The premise is interesting, but for the first 2/3 of the book, you don't really care that much about the characters, and the plot is not interesting. Sure, there are characters you like (the prince, the queen, and the anti-heroine), but you don't care that deeply about them. And there aren't any villains that you care much about. Worst of all, the plot isn't interesting or captivating.
Basically, an interesting premise, with ok writing, but boring characters and a boring plot.
Now, the last four hours of the book are enjoyable. So if you don't mind plodding through 14 hours of boredom, to get to a good ending, than maybe this book is for you. If I had not been on a 22 hour drive when I started this book on my iPod, I would not have finished it.
I will not continue with the series.
The narration was too slow. Each. Word. Often. Spoken. With. Great. Precision. The story was decent and entertaining, though the character development could have been a little better.
I didn't plan on reading further into the series, but at the end of the book was the first two chapters of the second book in the series, and it started very well. Different narrator, and he sounded very good, and an interesting start to the book, so I'm going to give Jack Reacher another try.
Hobb's writing is very good, the characters are well developed and interesting, and the premise of the plot is very good. Boehmer does a great job narrating.
But it is just PAINFUL, the terrible decisions that are made by the protagonists of the story. You like and care about Fitz, but it is just painful as he lurches from one bad decision to another. And often he gets terrible advice from his mentors.
Thank you to the reviewers of Book 3 who made it clear that Book 3 is more of the same, so I could save myself the pain of slogging through it. The first book was pretty good, I'd recommend stopping there.
The Gray Man is this super awesome guy - I'm good with that. He's portrayed as very well trained, and very good at what he does. But how does he get through the book alive (sorry for the spoiler, but I assume since this is Book 1 in "The Gray Man Series," one would figure he'll live through it)? He lives through it by getting lucky, time and time again. It gets tiring reading about how he just barely misses getting killed, and makes dumb decisions. Based on the main characters actions, he really isn't well trained or good at what he does, but rather he is dumb, honest, very stubborn, and very lucky. A mostly entertaining book, but if Greaney would have the character rely just a little more on skill, and a little less on luck and dogged determination, it would be much more enjoyable.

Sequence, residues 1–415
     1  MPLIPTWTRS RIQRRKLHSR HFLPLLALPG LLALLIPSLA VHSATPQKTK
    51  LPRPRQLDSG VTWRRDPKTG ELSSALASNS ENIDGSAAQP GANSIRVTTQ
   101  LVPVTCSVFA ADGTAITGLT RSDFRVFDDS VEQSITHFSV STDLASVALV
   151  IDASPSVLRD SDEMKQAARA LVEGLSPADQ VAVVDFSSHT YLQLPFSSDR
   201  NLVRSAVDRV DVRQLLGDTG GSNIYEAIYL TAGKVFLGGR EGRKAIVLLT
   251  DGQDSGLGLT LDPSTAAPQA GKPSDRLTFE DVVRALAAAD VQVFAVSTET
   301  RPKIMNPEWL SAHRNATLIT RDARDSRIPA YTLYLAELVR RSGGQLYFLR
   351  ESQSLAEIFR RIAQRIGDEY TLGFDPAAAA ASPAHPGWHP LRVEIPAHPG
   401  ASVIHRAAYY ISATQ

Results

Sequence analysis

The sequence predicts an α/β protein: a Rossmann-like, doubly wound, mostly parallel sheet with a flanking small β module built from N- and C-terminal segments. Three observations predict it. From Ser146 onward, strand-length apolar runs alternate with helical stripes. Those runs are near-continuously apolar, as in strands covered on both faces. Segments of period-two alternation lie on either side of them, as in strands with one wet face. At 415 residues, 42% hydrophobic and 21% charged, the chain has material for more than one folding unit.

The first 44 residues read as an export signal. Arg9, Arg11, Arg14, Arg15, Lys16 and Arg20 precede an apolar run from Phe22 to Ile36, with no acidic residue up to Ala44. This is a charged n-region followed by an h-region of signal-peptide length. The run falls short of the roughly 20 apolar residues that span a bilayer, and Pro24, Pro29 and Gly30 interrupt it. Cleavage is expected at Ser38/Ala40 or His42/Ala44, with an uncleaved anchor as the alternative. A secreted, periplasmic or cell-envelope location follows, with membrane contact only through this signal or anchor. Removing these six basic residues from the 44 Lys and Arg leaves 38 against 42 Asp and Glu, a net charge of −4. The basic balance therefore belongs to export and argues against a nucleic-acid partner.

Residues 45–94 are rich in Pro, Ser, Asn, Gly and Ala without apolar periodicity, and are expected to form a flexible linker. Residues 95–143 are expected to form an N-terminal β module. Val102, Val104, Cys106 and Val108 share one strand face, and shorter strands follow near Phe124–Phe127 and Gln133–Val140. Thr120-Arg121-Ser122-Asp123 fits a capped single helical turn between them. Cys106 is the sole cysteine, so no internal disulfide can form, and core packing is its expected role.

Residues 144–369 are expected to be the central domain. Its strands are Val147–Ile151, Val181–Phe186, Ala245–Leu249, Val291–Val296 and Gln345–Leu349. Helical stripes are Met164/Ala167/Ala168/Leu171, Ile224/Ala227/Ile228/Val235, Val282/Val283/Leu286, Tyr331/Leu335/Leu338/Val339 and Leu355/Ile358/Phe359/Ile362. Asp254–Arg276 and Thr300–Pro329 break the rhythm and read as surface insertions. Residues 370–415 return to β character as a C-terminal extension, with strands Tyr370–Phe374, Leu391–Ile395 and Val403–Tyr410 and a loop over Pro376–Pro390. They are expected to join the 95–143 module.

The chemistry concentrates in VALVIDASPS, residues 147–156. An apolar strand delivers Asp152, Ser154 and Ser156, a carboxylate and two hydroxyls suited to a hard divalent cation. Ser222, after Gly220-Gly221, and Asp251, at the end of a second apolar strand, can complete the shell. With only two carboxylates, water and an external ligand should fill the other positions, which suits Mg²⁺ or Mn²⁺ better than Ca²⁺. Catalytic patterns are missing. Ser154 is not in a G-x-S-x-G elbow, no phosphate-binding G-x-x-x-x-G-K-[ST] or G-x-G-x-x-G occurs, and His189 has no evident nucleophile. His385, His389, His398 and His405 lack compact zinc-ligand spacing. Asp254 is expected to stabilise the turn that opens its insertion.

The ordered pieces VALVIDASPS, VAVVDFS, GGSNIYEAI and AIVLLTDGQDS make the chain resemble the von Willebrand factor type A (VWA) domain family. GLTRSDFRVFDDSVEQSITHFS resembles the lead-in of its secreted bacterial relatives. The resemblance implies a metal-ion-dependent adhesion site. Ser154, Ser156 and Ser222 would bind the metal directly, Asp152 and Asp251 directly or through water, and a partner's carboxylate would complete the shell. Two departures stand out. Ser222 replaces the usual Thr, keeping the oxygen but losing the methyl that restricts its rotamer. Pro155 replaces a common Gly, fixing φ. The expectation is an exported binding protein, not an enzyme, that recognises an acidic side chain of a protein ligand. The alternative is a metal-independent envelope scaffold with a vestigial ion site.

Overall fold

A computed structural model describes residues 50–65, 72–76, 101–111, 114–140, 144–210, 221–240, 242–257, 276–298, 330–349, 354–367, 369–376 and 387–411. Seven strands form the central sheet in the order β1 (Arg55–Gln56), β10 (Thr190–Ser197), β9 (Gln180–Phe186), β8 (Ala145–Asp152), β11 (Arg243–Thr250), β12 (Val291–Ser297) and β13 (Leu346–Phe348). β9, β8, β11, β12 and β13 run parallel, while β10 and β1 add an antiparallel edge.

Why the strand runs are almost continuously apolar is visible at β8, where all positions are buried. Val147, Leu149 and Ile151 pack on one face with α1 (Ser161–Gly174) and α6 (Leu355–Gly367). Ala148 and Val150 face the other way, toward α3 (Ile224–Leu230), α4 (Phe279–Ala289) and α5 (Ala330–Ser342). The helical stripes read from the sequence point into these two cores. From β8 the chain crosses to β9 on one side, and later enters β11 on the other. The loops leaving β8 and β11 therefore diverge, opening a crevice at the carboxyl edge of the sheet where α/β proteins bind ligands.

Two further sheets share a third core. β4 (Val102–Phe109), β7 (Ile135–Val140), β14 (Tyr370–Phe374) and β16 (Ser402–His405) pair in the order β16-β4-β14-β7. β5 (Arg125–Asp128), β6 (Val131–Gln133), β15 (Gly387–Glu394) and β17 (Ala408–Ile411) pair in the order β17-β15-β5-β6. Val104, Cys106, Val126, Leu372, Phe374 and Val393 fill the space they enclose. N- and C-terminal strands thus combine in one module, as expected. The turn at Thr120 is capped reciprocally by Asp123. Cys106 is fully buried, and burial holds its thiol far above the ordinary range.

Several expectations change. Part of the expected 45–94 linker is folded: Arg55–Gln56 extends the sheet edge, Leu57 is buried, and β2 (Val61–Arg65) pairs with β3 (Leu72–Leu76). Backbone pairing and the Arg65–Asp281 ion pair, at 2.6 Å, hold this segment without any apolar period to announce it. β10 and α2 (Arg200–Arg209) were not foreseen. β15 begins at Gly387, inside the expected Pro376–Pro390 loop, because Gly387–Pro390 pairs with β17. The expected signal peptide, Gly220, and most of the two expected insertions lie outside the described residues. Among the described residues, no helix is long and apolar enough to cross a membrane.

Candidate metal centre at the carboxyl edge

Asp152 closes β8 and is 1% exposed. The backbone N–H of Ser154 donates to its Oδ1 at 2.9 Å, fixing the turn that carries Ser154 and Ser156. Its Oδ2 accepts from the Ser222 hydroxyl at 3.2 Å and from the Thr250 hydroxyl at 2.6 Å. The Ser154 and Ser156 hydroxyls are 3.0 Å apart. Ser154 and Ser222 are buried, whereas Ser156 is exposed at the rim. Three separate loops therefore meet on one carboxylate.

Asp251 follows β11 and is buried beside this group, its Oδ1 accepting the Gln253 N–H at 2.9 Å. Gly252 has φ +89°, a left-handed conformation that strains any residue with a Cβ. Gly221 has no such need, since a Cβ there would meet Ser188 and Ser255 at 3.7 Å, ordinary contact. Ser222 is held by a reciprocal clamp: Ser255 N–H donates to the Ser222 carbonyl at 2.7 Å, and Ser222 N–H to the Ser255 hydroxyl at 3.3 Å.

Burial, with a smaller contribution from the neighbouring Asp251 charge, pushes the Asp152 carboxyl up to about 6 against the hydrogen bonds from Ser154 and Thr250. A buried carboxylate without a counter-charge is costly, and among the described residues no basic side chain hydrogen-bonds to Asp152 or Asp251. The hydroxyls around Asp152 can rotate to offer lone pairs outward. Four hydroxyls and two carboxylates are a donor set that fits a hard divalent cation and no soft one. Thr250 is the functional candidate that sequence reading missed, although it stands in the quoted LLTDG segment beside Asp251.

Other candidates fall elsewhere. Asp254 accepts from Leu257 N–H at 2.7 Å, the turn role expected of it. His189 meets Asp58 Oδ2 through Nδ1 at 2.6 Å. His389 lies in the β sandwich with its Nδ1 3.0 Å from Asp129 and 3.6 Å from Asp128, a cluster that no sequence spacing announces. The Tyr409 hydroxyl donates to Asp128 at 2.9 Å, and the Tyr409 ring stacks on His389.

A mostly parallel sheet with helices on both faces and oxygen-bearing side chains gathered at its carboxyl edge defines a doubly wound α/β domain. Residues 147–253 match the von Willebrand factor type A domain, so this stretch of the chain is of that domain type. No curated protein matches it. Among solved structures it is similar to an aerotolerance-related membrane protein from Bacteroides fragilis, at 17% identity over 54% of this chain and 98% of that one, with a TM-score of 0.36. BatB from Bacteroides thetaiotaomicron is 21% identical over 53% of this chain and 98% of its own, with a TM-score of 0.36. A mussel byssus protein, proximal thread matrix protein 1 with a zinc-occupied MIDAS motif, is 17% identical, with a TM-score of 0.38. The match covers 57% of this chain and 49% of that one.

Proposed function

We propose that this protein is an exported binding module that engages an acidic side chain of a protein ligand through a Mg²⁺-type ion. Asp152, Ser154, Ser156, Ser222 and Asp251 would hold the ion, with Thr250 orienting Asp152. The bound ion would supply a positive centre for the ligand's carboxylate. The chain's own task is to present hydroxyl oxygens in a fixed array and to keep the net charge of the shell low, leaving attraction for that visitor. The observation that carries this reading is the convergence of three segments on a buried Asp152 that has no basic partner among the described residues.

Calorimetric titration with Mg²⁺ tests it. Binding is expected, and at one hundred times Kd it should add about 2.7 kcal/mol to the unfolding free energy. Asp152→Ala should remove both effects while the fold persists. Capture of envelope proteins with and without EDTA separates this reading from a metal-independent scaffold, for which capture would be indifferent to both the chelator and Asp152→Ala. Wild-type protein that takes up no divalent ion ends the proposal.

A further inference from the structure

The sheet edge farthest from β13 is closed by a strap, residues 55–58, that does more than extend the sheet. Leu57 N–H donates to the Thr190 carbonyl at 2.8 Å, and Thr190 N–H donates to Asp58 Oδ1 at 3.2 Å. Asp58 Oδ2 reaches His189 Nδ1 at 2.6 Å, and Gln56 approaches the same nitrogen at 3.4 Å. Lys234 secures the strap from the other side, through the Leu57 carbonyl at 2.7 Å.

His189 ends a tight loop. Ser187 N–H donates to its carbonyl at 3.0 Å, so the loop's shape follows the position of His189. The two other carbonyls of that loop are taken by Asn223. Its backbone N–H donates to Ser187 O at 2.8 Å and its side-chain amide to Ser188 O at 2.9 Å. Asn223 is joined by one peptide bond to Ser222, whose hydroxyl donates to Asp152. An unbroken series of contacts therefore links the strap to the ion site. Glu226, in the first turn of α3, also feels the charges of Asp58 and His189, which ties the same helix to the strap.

This series feels like it could be so good, but it just misses. The dialogue between characters - particularly between good guy and bad guy, or during or just before battle - is terrible.
Also, the Gray Man makes certain decisions that just make no sense - one such decision caused me to actually stopped reading with about an hour left of this book, which I NEVER do. It was so ridiculous, that about only an hour to do go, I just gave up on the book completely.
For books that are similar but actually work and make sense, read the Mitch Rapp series. I was hoping this would be another series I could get into, but I'm done with it after 1.9 books.
Along with the "Consent to Kill," Vince Flynn raised raised the bar with "Act of Treason." I've enjoyed all of the Mitch Rapp series, but "Consent to Kill" was the best, with "Act of Treason" a close second.
I've enjoyed the Mitch Rapp series, each prior book was good and enjoyable. This one, though, really took off, and I couldn't put it down.
I had already read Books 3 - 10, which were generally better than The Bat. But, this is a good introduction to Harry Hole. Not great, but some of the later books are great, and this is an enjoyable read.
This is a book with relatively low tension, and a relatively simple plot, but it is fast, easy, and fun to listen to. The narrator does a great job with the voice of the dog, and I found myself laughing out loud listening to it. I've ordered the next three books in the series based on the entertainment value of this first in the series.
Reading about peasant life in the middle ages is not the sort of thing that sounds interesting to me - but the rich story, well developed and interesting characters, and great reading performance by John Lee makes "Pillars" a book for the ages.
Not sure if this is the last Joe O. book or not, but if soy, Michael Robotham sends Joe out with a bang. I've read the entire series, this was probably the best of them all.
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